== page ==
Academic journal article Science and Children

Supporting Academic Language: Simple Strategies Can Encourage the Use of Scientific Vocabulary, Language, and Discussion

Academic journal article Science and Children

Supporting Academic Language: Simple Strategies Can Encourage the Use of Scientific Vocabulary, Language, and Discussion

Article excerpt


Have you ever put your students in groups and listened in on their conversations during science investigations only to be disappointed with the quality of these conversations? Sometimes our students manage to complete their investigations without really using complex and scientific language. Even when they use scientific vocabulary, they don't always build logical arguments to communicate their findings. In this article, I describe how several elementary science teachers addressed this challenge in after-school STEM (science, technology, engineering, and math) clubs and a summer STEM camp. The clubs and camps had a goal of increasing academic vocabulary among language learners, but the teachers shared a commitment to discussion and helping students use academic vocabulary to discuss scientific concepts meaningfully. I share the strategies they used to make scientific discussions work.

The clubs included kindergarten to fifth-grade students. Two clubs taught in English included fluent English speakers and English learners. One club taught in Spanish included Mexican-American students who spoke fluent English and were learning STEM concepts in their heritage language of Spanish. The summer camp was entirely in English and included 75 diverse students from grades 3 through 5. These strategies should help you teach students of all language backgrounds, including those who speak English fluently but lack familiarity with norms of scientific discussion.

Developing Language

As science teachers, we have recognized the importance of strong vocabulary instruction for years. Content area vocabulary helps our students understand concepts and discuss them clearly. However, both the Common Core State Standards (CCSS) and the Next Generation Science Standards (NGSS) raise the stakes for us and our students in vocabulary. Students not only have to develop academic vocabulary, they must also develop academic language. This distinction means that we need to prepare students to use academic vocabulary in authentic scientific discussion that allows them to present their ideas coherently and understand and critique the ideas of others. We also want them to do this kind of discussion while they work with each other, without immediate teacher support.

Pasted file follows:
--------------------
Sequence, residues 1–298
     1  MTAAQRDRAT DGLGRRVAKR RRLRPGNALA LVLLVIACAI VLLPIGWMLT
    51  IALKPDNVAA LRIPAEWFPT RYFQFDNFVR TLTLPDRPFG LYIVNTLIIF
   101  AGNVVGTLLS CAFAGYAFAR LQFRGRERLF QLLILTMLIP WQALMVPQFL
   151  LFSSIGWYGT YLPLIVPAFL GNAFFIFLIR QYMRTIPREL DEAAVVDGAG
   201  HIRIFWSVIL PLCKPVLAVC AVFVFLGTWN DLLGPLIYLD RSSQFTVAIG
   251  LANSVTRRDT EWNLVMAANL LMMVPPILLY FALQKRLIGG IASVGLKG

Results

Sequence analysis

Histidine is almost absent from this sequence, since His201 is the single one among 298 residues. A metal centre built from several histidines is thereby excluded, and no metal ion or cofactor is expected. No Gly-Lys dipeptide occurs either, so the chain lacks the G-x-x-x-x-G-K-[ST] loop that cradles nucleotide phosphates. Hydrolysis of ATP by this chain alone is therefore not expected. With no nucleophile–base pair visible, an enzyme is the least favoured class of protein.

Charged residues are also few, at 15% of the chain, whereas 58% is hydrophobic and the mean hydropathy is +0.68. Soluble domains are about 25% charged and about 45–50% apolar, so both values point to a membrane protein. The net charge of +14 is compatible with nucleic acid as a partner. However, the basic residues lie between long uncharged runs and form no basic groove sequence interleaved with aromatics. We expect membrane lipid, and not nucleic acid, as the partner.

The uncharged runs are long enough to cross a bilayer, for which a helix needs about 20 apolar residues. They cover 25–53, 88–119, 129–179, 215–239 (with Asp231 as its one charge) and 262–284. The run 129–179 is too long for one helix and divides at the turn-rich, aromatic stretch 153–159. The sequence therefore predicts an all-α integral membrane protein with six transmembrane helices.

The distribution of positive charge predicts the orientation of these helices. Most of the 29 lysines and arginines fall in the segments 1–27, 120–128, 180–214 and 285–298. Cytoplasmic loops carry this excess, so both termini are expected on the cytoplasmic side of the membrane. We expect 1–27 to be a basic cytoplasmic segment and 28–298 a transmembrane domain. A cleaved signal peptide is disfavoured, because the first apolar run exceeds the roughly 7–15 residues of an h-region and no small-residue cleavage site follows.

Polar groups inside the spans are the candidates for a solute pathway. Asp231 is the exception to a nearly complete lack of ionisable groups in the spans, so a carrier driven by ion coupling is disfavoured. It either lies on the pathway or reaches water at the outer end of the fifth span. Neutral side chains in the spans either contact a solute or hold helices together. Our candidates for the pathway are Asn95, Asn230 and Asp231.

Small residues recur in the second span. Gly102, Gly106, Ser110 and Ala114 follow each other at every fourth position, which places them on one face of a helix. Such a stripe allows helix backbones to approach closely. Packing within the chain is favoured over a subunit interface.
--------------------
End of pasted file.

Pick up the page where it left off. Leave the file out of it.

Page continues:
Academic language is the language students use to develop deep content knowledge and share that understanding with others (Teachers of English to Speakers of Other Languages 2006). Academic language goes beyond vocabulary because it involves putting words together to communicate complete ideas (Zweirs, O'Hara, and Pritchard 2014, p. 2). Our students are not just learning word meanings but learning how to use words in sentences and put sentences together to present and critique arguments or articulate questions and hypotheses. The language demands of this type of argumentation are undoubtedly more complex than the demands of learning words in isolation!


For example, under the CCSS, elementary students must interpret words in context (informational reading standard 4), write explanatory pieces that convey complex ideas accurately (writing standard 2), evaluate someone else's reasoning and use of evidence (speaking and listening standard 3), and share findings and evidence in a way that others can follow (speaking and listening standard 4). These complex demands are not unlike the language expectations of the NGSS science and engineering practices (2013) that drive the standards:

* Asking questions and defining problems (1)

* Constructing explanations (6)

* Engaging in argument from evidence (7)

* Obtaining, evaluating, and communicating information (8)

Making Scientific Discussions Work

Before the clubs and camp, the teachers met to select the academic vocabulary they wanted to teach. They chose general academic words that they believed would help students discuss science. …

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